The Woods of Lehigh Valley

by by Everett Epstein

The 4 p.m. light in room 213 cast the walls azure and the shadows—from the bed, table, lamp, and bulky RCA—a deep navy. The throw, un-tucked with the sheet and kicked to the foot of the bed, was decorated with the staple pattern of Ramada Inns: a puce plaid hemmed with lavender thread. It too assumed the blues of the afternoon. On the bed, the silhouette of a body indented the mattress—an outline in fabric.

Outside the window, the woods of Lehigh Valley. Shoots of pines and cedar crowded together, so close that their branches entangled. In time, they knit into a single, tubered mass—one vast thicket. Looking in, you could make out felled trees through its interstices. Leafed ribcages at odds with the surrounding trunks.

Amid the downed branches, buried loosely under veined foliage, an obsidian shard. Fist-sized, ink-black, and missing a divot from its face, the stone’s surface had a grooved texture, like vinyl. Smeared fingerprints spotted the shard, and its polished edges fractured pale sunbeams.

Here are the names of the animals in the woods:

Sciurus carolinensis

Odocoileus virginianus

Clangula hyemalis

Colinus virginianus

Bubo virginianus

Melanerpes erythrocephalus

Didelphis virginiana

Sorex hoyi

They keep their distance from the obsidian. A breach in the earth, a thorn in their collective flank. They felt its jags, its protrusions. Felt and shuttered.

The woman staying in room 213 opened the door, noted the unmade bed, and frowned. Coming in from Wind Gate (a three and a half hour drive west), she expected and deserved a made bed. Not unmade. Made. Better just make it myself. Not worth troubling the staff. Still, can’t help but be annoyed.

Tugging off the pile of sheets/throw, her mind wandered to her sister, the reason she made the unpleasant, unscenic, just plain “un” drive out to Lehigh. Her nerve. Her gall. Lenore’s damned ugliness. She and I can’t see each other, which I guess is sad, but that’s life. That’s what happens to sisters. Still, can’t help but be annoyed.

By now, she had draped the sheets across the bed and re-tucked its ends. Pausing to look out the window, she reviewed the conversation with (ungrateful) Lenore. To bring up my marriage! At this point in her life, a dignified forty-three, she refused to apologize for the events—the ups and the downs—of her thirties. Why even mention Albert? Why not just gloss tactfully over her bare ring finger, and all the pain, aggravation, embarrassment its bareness implied? Admittedly, Lenore’s asking looked (to an outsider) innocent enough, but I knew what she in fact meant: So, Albert finally unhitched himself from your sinking ship. Your ugly, dead weight. Good for him; he can do better. I got it Lenore! Message received! Roger dodger!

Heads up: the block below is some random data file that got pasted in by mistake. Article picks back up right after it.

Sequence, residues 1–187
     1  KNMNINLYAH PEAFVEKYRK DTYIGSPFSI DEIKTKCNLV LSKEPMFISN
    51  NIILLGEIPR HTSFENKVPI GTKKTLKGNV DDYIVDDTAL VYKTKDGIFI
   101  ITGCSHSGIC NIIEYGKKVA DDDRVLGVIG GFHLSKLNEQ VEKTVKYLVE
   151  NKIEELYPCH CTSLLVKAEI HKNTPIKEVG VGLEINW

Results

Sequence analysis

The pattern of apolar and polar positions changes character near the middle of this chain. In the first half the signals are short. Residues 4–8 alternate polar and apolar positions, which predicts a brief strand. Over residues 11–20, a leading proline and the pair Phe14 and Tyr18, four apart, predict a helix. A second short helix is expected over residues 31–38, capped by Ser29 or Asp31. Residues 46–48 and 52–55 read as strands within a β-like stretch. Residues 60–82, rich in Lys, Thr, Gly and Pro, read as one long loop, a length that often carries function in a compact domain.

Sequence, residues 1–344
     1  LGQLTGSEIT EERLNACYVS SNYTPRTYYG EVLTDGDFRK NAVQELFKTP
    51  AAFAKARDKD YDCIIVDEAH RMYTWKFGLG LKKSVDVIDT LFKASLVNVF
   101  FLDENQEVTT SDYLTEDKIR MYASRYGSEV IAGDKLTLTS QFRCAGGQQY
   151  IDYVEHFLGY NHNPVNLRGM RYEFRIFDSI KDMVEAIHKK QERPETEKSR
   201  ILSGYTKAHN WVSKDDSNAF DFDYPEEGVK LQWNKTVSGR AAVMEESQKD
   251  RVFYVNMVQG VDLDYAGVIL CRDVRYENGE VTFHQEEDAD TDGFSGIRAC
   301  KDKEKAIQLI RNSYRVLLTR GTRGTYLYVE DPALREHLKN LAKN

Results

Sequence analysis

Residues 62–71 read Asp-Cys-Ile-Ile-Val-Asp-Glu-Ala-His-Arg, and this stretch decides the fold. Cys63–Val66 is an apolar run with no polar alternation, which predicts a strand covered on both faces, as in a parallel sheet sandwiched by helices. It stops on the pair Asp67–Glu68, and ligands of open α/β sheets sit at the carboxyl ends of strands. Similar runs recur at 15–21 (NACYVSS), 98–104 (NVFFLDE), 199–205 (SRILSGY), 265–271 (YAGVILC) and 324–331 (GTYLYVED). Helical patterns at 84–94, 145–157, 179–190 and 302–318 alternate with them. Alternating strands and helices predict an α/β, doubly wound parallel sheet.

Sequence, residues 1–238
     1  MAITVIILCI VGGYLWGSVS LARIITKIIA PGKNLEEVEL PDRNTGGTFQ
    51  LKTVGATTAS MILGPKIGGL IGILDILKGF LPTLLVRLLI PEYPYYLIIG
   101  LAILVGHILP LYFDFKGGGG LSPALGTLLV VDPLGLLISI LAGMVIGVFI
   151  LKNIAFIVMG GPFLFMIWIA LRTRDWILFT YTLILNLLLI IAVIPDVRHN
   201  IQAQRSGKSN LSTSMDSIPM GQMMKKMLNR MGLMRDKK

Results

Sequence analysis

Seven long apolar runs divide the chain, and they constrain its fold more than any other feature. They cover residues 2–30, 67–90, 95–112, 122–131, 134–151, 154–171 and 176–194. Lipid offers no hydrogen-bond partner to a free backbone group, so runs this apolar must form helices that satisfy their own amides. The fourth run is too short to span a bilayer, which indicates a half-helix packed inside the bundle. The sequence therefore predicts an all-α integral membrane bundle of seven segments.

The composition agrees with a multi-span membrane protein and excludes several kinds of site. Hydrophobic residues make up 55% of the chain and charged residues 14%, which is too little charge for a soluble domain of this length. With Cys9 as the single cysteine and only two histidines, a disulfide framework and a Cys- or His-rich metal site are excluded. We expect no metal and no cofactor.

And then to suggest that I sleep there, as if I was champing at the bit to bask in your fucking (excuse me) family’s glow. No thanks, Lenore! Not for me. The Ramada is more than hospitable. I’ll sleep happy here, alone.

What am I doing? Making a used bed. Why on earth? She stepped over to the beige landline and hunted the laminate numbers for the front office with her index finger —a hairless predatory animal. 601-266-6213. Hello. I just checked into room 213. Housekeeping must not  have come because the bed is unmade. Well, not anymore, but. I just need a change of sheets. Uh-hun. Ok. Ok. Thanks. Great.

Clapping the receiver back onto the base, she stared out the window. Her mind—tremulous with offense—ebbed to a calm. A second of silence, just the air conditioner’s purr. Squinting, she found the woods. Growing up in Allentown meant always living on the periphery, always recognizing that dense, insistent thicket. It dragged you into its orbit, pulled you downhill. Even if you didn’t look at it directly, you could feel its pulse, like a headache—a dull pressure behind the ears. I’m glad I’m in Wind Gate now, she thought.


On March 14, Lisa Pollard’s body was found off the side of State Route 3013, fourteen miles west of Allentown. The coroner determined that an intracranial hemorrhage originating in the frontal lobe caused the death. The bruise, a violet blush the size of a fist, extended from hairline to eyebrow. The cranial pressure, altered by a blunt trauma to her face, sent Lisa first into a coma, then crushed her cortex—a vice of fluid.

Linda Warg, a Wind Gate resident, discovered the body by accident. She had pulled off 22 into a Wawa. Coming out of the store with a Diet Coke, she passed her Mazda Protégé and continued walking aimlessly beyond the Wawa’s florescent halo and into the night’s black curtains. She came across Lisa fifteen minutes later.

A missing person’s report, filed on February 26 by Lisa’s parents, noted that she was home from Lehigh University when she was abducted. Upon investigation, the assault took place before the abduction, although she died soon after. Her clothes showed no sign of tear. Indeed, the initial suspicion of sexual violence, proposed by the Allentown police department, proved inconclusive. No murder weapon was found.